Water: Tales of Elemental Spirits
Robin McKinley & Peter Dickinson
Berkley, 2003 (2002)
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Reviewed by Wesley Williamson
eter Dickinson has been one of my favourite authors for many years. I have equally enjoyed his mysteries and his fantasies, both for adults and younger readers, and even more when these categories somehow got all mixed up together with delightful consequences. More recently, Robin McKinley burst upon my attention with her superb fantasy,
The Blue Sword
, and I have been careful since then to read everything she has written. I did learn that the two were married, but I did not really expect such enchanted offspring.
n fact, the book contains six longish short stories, three by each of the authors. I was careful not to look at the Contents page, and had an enjoyable time deciding who had written what. (For the record, I was right four times, but couldn't even make a guess for two of them.) Most unusually, the stories are exactly as described - they are all tales of elemental water spirits, and not, as so often happens, odd stories crammed to fit awkwardly into a collection's theme. I will not blunt the reader's enjoyment by describing them except to say that they are all very different and all of a very high standard, as might be expected.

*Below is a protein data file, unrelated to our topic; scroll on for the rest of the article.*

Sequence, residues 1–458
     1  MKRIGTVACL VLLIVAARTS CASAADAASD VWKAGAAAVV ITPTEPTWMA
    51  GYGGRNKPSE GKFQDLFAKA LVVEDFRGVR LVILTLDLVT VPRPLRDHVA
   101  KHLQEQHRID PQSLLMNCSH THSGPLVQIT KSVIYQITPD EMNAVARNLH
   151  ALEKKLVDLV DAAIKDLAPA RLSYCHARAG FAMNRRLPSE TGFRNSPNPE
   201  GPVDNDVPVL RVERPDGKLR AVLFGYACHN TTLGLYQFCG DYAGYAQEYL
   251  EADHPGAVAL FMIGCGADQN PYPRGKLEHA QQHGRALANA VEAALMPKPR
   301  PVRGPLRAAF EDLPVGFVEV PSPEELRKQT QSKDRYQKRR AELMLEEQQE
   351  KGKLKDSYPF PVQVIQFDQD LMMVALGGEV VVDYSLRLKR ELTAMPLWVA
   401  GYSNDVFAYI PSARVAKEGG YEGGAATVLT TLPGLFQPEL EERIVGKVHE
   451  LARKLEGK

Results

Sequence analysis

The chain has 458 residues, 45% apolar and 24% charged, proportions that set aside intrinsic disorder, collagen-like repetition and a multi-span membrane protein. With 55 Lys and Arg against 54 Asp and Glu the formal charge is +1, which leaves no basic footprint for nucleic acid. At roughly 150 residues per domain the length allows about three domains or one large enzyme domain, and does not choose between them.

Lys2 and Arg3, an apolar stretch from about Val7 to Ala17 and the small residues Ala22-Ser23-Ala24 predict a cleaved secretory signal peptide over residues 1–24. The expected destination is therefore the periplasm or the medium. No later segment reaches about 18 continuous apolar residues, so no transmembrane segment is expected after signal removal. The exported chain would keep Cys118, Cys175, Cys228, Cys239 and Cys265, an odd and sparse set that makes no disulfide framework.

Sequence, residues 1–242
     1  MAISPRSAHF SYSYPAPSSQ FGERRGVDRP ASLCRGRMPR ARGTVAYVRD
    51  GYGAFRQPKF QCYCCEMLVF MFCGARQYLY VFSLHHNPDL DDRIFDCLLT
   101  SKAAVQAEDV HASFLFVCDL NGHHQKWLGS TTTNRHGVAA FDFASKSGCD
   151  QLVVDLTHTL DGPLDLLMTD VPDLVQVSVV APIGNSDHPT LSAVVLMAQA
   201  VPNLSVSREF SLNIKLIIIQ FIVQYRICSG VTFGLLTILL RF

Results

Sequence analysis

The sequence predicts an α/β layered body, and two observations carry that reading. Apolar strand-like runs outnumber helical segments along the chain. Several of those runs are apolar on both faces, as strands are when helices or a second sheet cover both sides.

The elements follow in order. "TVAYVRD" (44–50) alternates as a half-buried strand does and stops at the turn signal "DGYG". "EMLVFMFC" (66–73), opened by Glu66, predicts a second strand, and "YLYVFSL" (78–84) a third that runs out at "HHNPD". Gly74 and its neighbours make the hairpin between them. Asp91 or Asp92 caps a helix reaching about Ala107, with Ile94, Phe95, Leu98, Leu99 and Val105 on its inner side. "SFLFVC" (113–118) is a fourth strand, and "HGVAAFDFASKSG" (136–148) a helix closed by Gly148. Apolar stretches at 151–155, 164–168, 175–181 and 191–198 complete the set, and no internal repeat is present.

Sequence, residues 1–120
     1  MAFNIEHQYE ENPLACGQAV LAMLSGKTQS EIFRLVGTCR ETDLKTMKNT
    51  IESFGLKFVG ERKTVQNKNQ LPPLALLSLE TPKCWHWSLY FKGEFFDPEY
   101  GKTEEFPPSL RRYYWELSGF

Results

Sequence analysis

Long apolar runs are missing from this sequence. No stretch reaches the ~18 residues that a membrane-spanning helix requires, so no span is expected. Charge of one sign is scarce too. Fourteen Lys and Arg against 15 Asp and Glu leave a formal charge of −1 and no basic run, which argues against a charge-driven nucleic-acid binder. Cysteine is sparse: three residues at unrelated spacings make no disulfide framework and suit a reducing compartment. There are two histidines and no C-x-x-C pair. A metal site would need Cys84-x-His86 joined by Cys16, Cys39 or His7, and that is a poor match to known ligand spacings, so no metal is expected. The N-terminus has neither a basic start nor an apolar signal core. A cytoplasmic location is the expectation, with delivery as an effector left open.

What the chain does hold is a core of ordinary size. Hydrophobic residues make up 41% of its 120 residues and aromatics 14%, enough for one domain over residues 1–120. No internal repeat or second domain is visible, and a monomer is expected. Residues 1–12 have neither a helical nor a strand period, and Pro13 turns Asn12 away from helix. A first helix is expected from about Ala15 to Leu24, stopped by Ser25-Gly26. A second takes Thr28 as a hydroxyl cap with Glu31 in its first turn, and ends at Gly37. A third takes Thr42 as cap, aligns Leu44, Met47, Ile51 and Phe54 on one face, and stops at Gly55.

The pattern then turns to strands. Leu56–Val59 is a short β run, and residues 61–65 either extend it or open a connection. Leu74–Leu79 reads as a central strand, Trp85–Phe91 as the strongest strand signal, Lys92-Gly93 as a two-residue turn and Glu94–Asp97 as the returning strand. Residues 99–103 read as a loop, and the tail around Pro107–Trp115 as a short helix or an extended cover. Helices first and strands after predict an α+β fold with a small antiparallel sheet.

owever, two stand out even so.
, by Peter Dickinson, is a superbly judged medley of the tragedy of a pair of human lovers, the heroism of the Seaking's daughter, and the overshadowing menace of the immortal creature of the deep, the Kraken. Definitely not to be missed by the connoisseur. And for those like myself who are fanatical in their love for the land of Daria and the Kingdom of Damar, where Robin McKinley's
The Blue Sword
The Hero and the Crown
are set, the last story,
A Pool in the Desert
, is a must read. It is set in the Homeland, in the far future of the other novels, in a dingy town where Hetta toils for her family, and dreams of desert sands.
trust this is only the first of many literary collaborations by this very accomplished pair.
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